6. If the contract is legally binding, what happens to the adoptive parents if they don’t follow through? Is there really any legal recourse for both parties that are clearly spelled out?
I would assume that if the contract states so much contact and whatnot, that there could be a lawsuit from the birth family. However, I don't know for certain.

7. What deters the birth parents from coming to your house unannounced?
It's no different than anyone else coming to your house unannounced. In most cases of open adoption, the birth family doesn't know the address of the adoptive family-- but if they did, they wouldn't be any more inclined to just come over unannounced than anyone else would.

8. Do you know if there are any court cases where it’s obvious that there are loopholes in Open Adoption that need to be addressed?

9. Just like there are issues with closed adoptions and we have the outspoken activists’, etc., are there any Open Adoption opponents or vice versa that are working to be the voice for the birth mothers as well as the adoptive children and their best interests?
It's funny (not really funny) that there are a LOT of birth mothers out there that have a VERY bad view of open adoption. Probably because they were told one thing and then the adoptive family switched it up and now they have no contact, which is against open adoption. There are groups that do work to be the voice for birth mothers. I find them not very friendly towards adoptive parents and I try to avoid reading too much from them because it upsets me. I'm an adoptive mom... I love and respect our birth family... and I'm not a bad person.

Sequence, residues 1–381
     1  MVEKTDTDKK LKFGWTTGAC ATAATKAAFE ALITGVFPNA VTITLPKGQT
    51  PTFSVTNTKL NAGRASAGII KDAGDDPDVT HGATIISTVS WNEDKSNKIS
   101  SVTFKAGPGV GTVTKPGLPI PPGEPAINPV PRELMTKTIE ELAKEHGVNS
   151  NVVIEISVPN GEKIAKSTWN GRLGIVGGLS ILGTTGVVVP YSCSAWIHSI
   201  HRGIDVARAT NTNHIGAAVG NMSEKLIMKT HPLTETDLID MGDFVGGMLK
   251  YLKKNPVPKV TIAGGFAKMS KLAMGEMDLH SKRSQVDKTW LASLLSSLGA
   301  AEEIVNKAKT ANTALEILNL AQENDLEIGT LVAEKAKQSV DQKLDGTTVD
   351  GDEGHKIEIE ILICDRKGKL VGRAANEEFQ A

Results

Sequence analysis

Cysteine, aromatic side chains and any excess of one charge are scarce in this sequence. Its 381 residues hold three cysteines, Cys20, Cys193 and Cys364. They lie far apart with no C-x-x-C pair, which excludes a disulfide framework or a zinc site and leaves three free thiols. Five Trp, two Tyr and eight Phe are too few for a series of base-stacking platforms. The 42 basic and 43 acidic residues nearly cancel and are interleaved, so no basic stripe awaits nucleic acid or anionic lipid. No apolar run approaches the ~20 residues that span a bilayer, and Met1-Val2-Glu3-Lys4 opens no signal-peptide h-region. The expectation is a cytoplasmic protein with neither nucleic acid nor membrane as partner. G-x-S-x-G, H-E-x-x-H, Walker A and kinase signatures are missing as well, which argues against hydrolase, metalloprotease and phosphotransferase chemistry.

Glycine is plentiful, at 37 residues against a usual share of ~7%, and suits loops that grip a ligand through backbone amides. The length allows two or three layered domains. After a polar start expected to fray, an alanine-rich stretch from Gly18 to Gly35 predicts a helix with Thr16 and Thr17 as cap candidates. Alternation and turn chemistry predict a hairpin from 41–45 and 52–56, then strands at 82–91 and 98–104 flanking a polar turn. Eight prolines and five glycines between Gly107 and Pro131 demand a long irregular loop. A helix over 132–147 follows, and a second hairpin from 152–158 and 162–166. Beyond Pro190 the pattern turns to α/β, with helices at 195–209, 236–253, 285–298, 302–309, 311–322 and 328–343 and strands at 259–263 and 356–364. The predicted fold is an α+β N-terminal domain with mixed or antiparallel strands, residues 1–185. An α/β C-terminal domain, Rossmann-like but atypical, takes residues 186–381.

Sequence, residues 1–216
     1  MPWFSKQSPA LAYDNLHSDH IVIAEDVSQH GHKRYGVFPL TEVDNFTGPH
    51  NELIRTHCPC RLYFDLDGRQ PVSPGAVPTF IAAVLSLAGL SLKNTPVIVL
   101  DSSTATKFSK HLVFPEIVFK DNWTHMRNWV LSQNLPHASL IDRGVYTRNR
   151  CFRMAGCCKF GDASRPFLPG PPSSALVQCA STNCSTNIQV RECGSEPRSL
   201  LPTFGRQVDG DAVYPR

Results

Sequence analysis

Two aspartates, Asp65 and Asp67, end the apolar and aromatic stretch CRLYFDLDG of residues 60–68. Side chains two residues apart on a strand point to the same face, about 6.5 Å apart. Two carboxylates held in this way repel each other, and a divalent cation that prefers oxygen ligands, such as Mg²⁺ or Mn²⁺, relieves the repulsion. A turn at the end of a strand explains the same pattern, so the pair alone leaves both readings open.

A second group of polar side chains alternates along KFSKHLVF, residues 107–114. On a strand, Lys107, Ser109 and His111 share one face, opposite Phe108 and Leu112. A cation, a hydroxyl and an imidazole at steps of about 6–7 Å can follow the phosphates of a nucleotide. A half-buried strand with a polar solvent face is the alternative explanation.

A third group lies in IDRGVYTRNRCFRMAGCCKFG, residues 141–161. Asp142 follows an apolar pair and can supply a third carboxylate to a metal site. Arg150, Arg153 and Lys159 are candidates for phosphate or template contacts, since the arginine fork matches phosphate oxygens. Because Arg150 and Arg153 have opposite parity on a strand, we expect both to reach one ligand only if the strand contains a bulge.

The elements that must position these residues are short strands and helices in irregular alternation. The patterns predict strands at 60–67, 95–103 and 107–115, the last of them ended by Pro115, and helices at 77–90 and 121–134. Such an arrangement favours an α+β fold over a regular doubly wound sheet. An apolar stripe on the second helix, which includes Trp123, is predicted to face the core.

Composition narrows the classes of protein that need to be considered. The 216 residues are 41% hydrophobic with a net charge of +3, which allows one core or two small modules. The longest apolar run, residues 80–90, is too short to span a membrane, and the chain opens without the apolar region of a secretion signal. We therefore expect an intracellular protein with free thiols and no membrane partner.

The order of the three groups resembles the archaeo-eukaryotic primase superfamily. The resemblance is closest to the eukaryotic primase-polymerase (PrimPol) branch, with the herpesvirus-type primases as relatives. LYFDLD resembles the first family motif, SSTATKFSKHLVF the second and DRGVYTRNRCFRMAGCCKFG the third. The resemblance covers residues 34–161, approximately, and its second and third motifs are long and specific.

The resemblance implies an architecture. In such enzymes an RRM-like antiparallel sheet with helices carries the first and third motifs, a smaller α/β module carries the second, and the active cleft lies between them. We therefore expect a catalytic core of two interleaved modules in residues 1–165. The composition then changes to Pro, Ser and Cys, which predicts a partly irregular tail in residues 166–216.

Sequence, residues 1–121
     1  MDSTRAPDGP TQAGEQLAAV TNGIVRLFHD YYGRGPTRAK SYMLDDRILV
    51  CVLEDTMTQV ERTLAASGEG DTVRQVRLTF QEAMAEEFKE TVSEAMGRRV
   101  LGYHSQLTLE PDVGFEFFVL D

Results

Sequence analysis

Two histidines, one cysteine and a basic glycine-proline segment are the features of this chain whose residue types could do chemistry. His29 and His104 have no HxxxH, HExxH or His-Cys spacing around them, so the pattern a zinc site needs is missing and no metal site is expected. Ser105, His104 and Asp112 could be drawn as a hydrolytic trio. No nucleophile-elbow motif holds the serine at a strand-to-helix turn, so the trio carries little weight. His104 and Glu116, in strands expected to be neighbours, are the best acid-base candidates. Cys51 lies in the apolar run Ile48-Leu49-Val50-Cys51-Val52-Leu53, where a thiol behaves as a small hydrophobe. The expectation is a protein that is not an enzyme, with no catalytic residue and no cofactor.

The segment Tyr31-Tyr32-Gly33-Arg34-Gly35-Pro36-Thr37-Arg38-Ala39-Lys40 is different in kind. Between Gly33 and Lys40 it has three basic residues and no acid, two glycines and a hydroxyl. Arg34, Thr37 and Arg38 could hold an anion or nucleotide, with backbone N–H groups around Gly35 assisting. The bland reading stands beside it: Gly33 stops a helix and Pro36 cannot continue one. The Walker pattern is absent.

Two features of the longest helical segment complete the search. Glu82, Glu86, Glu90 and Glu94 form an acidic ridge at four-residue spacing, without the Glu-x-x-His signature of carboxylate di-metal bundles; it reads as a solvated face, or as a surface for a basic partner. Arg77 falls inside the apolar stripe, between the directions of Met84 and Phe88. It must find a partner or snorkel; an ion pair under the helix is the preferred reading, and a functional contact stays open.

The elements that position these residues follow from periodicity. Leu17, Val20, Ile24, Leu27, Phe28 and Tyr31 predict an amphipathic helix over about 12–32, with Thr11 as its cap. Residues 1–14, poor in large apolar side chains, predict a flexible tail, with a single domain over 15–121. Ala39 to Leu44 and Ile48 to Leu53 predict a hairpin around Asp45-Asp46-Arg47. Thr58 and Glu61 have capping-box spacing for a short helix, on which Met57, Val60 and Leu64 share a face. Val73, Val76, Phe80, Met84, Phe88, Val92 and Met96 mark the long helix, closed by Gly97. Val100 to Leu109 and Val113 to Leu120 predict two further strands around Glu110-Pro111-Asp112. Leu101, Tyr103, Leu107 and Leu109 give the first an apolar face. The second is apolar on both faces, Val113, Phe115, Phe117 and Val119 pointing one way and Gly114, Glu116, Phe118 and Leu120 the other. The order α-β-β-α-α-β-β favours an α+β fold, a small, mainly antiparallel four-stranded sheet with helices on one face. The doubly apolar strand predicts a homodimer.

10. When is the adoptee old enough to choose if they want contact or not? What if they are the ones who want to break off ties with the bio parents?
I think when a child is 18 and considered an adult, they have the right to determine what they want in their life. Up until that time, it's my job as a parent to make sure that my son knows his birth family. When he's old enough to vote, he's old enough to decide if he wants to continue to stay in touch with them, or to cut it off if he chooses. I'll support whatever decision he makes. I would hope that he'd remain close to them, as they're as important as any other member of our family is.

11. Are there any support groups/legal aids for birth mothers where they can get honest answers with their concerns for open adoptions?  
I'm sure there are numerous support groups...  one online that I am aware of is called Birthmom Buds:   



Lavender Luz said... Best Blogger Tips[Reply to comment]Best Blogger Templates

Your answers to Q3 made me think, Cathy, especially about the connection. After all, that does tend to strengthen when you work things out directly.

Good luck with Gus and with the OA you share with his birth parents. Thanks for participating!